Consequently, test collections which lack real query logs,
such as TREC Ad Hoc and .GOV2 were not considered suit-
able. Obtaining extensive query logs and associated result
doc-ids for a corresponding large collection is not easy. We
have used two collections (wt10g and wt100g) from the
TREC Web Track  coupled with queries from Excite logs
from the same (c. 1997) period. Further, we also made use
of a medium sized collection wt50g, obtained by randomly
sampling half of the documents from wt100g. The ﬁrst two
rows of Table 1 give the number of documents and the size
in Mb of these collections.
The ﬁnal two rows of Table 1 show the size of the resulting
document sets after compression with the baseline and CTS
schemes. As expected, CTS admits a small compression
loss over zlib, but both substantially reduce the size of the
text to about 20% of the original, uncompressed size. Note
that the ﬁgures for CTS do not include the reverse mapping
from integer token to string that is required to produce the
ﬁnal snippets as that occupies RAM. It is 1024 Mb in these
The Zettair search engine  was used to produce a list
of documents to summarize for each query. For the ma jority
of the experiments the Okapi BM25 scoring scheme was used
to determine document rankings. For the static caching ex-
periments reported in Section 5, the score of each document
wt10g wt50g wt100g
Baseline 75 157 183
CTS 38 70 77
Reduction in time 49% 56% 58%
Table 2: Average time (msec) for the ﬁnal 7000
queries in the Excite logs using the baseline and CTS
systems on the 3 test collections.
is a 50:50 weighted average of the BM25 score (normalized
by the top scoring document for each query) and a score for
each document independent of any query. This is to simu-
late eﬀects of ranking algorithms like PageRank  on the
distribution of document requests to the Snippet Engine. In
our case we used the normalized Access Count  computed
from the top 20 documents returned to the ﬁrst 1 million
queries from the Excite log to determine the query indepen-
dent score component.
Points on Figure 3 indicate the mean running time to
generate 10 snippets for each query, averaged in groups of
100 queries, for the ﬁrst 7000 queries in the Excite query
log. Only the data for wt10g is shown, but the other col-
lections showed similar patterns. The x-axis indicates the
group of 100 queries; for example, 20 indicates the queries
2001 to 2100. Clearly there is a caching eﬀect, with times
dropping substantially after the ﬁrst 1000 or so queries are
processed. All of this is due to the operating system caching
disk blocks and perhaps pre-fetching data ahead of speciﬁc
read requests. This is evident because the baseline system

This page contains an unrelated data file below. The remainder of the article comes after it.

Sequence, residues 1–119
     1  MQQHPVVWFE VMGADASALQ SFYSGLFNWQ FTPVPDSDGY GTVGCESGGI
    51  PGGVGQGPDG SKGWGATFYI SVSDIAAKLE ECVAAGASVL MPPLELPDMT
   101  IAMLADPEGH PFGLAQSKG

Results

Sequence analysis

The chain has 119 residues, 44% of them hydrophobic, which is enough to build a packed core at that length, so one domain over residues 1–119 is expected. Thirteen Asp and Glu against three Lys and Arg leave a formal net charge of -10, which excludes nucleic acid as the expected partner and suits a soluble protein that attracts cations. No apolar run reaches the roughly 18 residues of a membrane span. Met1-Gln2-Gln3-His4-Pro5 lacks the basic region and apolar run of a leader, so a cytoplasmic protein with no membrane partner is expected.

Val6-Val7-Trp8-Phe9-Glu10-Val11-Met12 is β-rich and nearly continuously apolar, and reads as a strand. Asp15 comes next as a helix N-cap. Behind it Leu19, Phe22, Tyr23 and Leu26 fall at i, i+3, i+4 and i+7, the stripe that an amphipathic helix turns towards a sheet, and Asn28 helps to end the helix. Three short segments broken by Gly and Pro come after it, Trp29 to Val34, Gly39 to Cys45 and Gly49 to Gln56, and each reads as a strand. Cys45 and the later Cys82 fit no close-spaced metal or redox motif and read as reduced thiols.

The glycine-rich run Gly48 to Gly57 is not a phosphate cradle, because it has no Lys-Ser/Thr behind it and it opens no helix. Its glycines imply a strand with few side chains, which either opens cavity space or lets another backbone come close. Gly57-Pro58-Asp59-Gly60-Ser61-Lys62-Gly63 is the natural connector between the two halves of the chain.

has no large internal data structures to take advantage of
non-disk based caching, it simply opens and processes ﬁles,
and the speed up is evident for the baseline system.
Part of this gain is due to the spatial locality of disk ref-
erences generated by the query stream: repeated queries
will already have their document ﬁles cached in memory;
and similarly diﬀerent queries that return the same docu-
ments will beneﬁt from document caching. But when the
log is processed after removing all but the ﬁrst request for
each document, the pronounced speed-up is still evident as
more queries are processed (not shown in ﬁgure). This sug-
gests that the operating system (or the disk itself) is reading
and buﬀering a larger amount of data than the amount re-
quested and that this brings beneﬁt often enough to make
an appreciable diﬀerence in snippet generation times. This
is conﬁrmed by the curve labeled “CTS without caching”,
which was generated after mounting the ﬁlesystem with a
“no-caching” option (directio in Solaris). With disk caching
turned oﬀ, the average time to generate snippets varies little.
The time to generate ten snippets for a query, averaged
over the ﬁnal 7000 queries in the Excite log as caching eﬀects
have dissipated, are shown in Table 2. Once the system has
stabilized, CTS is over 50% faster than the Baseline sys-
tem. This is primarily due to CTS matching single integers
for most query words, rather than comparing strings in the
Table 3 shows a break down of the average time to gen-
erate ten snippets over the ﬁnal 7000 queries of the Ex-
cite log on the wt50g collection when entire documents are
processed, and when only the ﬁrst half of each document
is processed. As can be seen, the majority of time spent
generating a snippet is in locating the document on disk
(“Seek”): 64% for whole documents, and 75% for half doc-
uments. Even if the amount of processing a document must
% of doc processed Seek Read Score & Decode
100% 45 4 21
50% 45 4 11
Table 3: Time to generate 10 snippets for a single
query (msec) for the wt50g collection averaged over
the ﬁnal 7000 Excite queries when either all of each
document is processed (100%) or just the ﬁrst half
of each document (50%).
undergo is halved, as in the second row of the Table, there is
only a 14% reduction in the total time required to generate
a snippet. As locating documents in secondary storage oc-